“Mature FinOps practices shift left to empower proactive activities within FinOps, which enables engineering to be aware and accountable for the cloud spending, and get them to better optimize and take decisions as part of their continuous software development life cycle,” says Kevin Emamy, partner program advisor at FinOps Foundation. In fact, in the recent State of FinOps report, 30% of the survey respondents cited making engineering teams take action around cloud cost optimization as one of their most significant challenges.
Shifting-Left with FinOps
The establishment of a FinOps culture necessitates the accountability and awareness of the entire organization’s cloud spending, as well as the alignment of cloud utilization and budgets with overall business goals. It is vital to involve the engineers, who play a critical role in cloud computing utilization throughout the software development life cycle (SDLC). This includes developing applications and deploying them to various cloud providers.
When issues arise, developers often require additional logs and telemetry to debug remote and distributed applications, resulting in costly redeployment and cloud computing resources. By enabling dynamic logs and native observability triggered from the developer’s IDE, they can take responsibility for FinOps cost optimization earlier in the development cycle, resulting in a shorter cost feedback loop and promoting cross-team collaboration. As stated by Chris Aniszczyk, CTO of the Cloud Native Computing Foundation, FinOps will become more of an engineering problem, with FinOps information becoming part of the pull request infrastructure.
However, determining when to trigger cost optimization is not always straightforward and depends on various factors such as organization size, application complexity, and understanding of associated cost reduction tasks. Nevertheless, incorporating FinOps into the organizational culture, beginning with developers and extending to the business, is an undeniable benefit.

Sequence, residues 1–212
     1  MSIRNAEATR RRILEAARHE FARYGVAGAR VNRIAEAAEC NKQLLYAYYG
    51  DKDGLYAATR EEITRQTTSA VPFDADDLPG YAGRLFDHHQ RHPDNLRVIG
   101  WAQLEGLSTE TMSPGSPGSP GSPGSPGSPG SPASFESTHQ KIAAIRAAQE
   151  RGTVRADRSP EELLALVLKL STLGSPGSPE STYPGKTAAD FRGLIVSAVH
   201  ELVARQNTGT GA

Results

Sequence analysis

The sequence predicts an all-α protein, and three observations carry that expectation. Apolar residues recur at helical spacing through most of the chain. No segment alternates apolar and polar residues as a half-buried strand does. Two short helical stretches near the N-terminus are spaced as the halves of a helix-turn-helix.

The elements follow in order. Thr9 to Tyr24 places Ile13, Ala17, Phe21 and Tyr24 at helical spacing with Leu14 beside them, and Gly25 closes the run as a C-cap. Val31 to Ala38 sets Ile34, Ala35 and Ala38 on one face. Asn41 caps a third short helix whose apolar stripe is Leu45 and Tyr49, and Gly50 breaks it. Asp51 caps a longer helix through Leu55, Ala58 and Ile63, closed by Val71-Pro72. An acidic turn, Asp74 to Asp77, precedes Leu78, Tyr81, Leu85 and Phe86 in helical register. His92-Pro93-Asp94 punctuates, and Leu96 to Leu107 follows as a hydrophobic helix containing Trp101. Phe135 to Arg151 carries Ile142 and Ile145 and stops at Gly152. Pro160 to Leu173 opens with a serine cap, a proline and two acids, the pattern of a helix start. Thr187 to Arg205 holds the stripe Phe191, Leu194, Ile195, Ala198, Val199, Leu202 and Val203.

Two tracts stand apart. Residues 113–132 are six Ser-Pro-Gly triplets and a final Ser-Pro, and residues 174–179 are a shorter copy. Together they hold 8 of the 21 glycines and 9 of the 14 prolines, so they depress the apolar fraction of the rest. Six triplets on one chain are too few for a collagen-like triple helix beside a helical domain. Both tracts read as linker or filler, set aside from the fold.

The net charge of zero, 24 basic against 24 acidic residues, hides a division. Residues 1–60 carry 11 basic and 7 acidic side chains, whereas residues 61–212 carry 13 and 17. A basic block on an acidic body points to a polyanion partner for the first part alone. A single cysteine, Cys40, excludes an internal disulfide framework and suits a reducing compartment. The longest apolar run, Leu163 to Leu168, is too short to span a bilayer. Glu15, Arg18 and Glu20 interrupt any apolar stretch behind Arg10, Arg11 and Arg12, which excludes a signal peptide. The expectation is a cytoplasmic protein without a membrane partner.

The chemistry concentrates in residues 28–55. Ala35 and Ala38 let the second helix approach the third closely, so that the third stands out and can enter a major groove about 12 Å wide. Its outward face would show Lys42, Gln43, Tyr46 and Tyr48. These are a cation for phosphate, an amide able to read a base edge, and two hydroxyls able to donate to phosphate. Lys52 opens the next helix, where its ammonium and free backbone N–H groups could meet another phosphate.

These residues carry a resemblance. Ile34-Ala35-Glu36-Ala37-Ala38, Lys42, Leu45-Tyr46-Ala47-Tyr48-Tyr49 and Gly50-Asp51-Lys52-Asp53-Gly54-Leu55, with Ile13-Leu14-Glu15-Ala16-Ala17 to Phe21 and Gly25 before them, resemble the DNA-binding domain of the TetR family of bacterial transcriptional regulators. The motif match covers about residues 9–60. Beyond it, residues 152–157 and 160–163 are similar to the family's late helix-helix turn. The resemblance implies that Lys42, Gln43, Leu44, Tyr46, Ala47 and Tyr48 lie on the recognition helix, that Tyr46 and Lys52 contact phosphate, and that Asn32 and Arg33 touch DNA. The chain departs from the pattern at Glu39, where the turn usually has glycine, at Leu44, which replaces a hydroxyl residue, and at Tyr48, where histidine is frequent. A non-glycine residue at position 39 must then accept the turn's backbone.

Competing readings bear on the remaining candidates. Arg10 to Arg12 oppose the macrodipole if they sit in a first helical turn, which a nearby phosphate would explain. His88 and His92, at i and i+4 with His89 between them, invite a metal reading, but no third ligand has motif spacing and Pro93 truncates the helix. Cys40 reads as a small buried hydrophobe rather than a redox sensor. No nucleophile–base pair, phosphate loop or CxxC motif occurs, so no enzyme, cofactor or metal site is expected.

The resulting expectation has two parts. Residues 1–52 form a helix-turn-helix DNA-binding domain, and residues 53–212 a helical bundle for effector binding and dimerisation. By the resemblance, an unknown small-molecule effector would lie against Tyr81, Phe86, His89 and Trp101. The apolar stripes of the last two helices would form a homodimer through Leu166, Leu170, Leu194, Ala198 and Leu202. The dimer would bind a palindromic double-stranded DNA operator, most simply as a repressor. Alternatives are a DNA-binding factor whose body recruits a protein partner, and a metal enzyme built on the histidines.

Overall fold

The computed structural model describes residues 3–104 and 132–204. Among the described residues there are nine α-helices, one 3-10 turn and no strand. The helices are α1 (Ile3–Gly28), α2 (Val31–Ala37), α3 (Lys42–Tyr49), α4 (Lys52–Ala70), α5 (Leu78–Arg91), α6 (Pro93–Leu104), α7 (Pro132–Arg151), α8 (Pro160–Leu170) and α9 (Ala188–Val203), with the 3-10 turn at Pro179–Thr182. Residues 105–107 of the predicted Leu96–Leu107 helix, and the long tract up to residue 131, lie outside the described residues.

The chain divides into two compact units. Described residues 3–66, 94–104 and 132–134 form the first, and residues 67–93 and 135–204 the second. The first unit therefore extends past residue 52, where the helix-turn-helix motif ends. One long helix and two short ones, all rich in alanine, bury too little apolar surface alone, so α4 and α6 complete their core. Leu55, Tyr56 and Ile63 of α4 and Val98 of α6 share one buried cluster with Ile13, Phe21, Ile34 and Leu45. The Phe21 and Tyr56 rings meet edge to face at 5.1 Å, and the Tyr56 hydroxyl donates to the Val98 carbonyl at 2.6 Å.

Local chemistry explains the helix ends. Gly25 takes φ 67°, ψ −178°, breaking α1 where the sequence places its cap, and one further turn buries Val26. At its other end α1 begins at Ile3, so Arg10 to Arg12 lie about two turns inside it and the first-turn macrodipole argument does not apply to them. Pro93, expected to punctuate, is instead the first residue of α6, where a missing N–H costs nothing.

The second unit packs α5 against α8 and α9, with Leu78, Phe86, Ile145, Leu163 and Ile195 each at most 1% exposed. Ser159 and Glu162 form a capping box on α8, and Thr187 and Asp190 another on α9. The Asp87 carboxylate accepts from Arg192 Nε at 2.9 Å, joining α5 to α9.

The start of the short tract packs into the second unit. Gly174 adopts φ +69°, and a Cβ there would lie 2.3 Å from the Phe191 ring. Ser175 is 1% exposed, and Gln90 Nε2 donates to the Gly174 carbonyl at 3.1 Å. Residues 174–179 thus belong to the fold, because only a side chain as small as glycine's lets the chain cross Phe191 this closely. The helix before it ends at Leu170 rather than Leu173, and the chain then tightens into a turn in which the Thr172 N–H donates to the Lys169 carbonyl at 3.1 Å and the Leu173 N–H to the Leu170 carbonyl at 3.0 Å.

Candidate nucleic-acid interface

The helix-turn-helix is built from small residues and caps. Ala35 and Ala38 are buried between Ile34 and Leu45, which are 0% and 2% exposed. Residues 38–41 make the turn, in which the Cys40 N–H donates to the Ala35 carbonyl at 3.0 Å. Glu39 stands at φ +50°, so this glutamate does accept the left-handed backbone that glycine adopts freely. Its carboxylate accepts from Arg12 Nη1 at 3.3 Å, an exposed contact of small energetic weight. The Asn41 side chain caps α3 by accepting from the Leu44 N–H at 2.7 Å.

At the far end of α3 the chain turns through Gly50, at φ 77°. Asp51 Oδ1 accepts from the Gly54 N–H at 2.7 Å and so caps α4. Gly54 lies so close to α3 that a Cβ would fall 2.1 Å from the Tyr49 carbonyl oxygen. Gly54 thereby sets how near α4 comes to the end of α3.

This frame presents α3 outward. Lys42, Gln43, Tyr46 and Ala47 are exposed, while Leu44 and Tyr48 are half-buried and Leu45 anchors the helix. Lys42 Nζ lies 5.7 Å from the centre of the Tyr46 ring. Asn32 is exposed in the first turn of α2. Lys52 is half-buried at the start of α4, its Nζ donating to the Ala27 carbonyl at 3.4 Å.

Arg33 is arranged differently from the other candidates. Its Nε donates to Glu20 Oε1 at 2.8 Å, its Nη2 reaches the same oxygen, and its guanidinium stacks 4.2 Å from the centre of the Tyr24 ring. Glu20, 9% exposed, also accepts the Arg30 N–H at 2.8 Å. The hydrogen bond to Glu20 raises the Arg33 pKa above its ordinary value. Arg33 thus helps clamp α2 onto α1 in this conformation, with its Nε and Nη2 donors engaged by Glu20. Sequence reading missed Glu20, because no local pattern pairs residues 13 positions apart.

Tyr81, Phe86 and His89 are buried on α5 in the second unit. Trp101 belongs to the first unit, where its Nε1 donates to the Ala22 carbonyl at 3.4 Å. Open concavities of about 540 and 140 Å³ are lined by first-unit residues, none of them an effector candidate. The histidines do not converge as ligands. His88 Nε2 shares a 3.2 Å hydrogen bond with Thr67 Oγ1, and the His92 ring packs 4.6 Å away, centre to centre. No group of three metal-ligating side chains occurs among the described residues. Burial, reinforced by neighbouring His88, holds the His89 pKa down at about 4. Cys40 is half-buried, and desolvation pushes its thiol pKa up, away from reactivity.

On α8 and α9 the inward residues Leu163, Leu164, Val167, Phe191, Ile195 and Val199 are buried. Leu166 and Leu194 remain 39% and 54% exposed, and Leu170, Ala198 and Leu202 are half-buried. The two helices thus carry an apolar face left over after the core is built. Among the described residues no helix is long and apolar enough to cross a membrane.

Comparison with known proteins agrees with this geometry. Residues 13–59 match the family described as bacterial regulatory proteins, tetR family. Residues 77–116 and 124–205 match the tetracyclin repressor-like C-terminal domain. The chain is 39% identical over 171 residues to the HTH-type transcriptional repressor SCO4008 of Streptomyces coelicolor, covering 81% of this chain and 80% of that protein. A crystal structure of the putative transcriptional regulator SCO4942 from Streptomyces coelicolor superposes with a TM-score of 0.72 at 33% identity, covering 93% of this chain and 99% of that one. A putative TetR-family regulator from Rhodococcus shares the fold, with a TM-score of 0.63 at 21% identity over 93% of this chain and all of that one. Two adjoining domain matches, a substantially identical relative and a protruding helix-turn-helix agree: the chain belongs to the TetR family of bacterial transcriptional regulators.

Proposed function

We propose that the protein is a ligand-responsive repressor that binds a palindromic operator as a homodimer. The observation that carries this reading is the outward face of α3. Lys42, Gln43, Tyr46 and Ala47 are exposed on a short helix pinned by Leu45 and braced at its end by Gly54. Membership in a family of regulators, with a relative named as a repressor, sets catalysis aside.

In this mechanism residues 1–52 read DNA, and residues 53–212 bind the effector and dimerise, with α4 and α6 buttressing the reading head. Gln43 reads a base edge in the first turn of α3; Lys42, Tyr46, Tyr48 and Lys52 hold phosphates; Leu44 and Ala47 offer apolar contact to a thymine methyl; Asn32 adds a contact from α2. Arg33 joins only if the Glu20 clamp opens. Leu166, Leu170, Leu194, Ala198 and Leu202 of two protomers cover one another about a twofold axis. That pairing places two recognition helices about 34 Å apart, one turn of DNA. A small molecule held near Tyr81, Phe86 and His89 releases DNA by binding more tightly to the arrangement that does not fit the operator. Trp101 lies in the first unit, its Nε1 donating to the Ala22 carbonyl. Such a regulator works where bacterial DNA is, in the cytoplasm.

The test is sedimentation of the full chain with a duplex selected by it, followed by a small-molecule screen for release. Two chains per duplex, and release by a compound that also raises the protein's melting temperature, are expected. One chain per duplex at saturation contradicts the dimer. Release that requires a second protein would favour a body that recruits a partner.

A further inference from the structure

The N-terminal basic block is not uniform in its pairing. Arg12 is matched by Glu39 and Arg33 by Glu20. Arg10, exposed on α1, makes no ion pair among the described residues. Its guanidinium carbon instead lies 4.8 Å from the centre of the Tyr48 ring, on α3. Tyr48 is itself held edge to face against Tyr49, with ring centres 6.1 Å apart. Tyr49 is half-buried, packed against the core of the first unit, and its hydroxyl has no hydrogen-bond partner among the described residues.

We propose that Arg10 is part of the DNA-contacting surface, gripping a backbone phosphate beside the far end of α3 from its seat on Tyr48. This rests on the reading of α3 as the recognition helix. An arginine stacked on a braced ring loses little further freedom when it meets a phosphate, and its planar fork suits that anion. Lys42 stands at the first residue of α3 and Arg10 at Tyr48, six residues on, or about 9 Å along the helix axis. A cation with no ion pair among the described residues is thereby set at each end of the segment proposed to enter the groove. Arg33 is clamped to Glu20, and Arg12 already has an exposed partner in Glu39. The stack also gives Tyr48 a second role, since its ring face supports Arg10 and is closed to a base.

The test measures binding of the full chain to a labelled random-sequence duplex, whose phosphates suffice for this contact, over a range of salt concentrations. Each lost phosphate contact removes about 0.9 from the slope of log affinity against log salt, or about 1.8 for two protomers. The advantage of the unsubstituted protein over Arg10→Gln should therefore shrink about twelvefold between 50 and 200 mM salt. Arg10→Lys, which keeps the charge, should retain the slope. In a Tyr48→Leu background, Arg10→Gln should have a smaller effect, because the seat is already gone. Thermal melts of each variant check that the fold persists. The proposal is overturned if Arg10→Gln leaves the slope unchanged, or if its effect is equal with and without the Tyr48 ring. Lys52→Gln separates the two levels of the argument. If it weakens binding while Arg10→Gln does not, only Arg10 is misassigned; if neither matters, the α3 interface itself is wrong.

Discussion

Troubleshooting a Remote Workload Using Lightrun
Remotely troubleshooting a workload across various cloud virtual machines (VMs) doesn’t have to be a significant challenge.
Troubleshooting remote applications can be done directly from the integrated development environment (IDE, such as IntelliJ IDEA or VS Code), eliminating the need for app redeployment, stopping the app, or consuming additional static logs. Observability and Telemetry are potent tools in a developer’s arsenal, especially when it comes to minimizing cloud computing costs.
Learn more about how Lightrun can help you establish governance over your organization’s cloud computer spending and help you harness the power of FinOps.
What’s Next for FinOps in 2023 and Beyond?
With the formation of centralized FinOps teams that include developers, business, IT, and finance representatives, organizations are becoming more rigorous in their approach to cloud cost spending and governance, embedding FinOps principles and processes earlier in the SDLC.
Using tools such as Lightrun can help make cost-saving actions part of developers’ sprints. By incorporating modern troubleshooting practices like dynamic logs and virtual snapshots into their day-to-day activities, developers can shift-left for FinOps.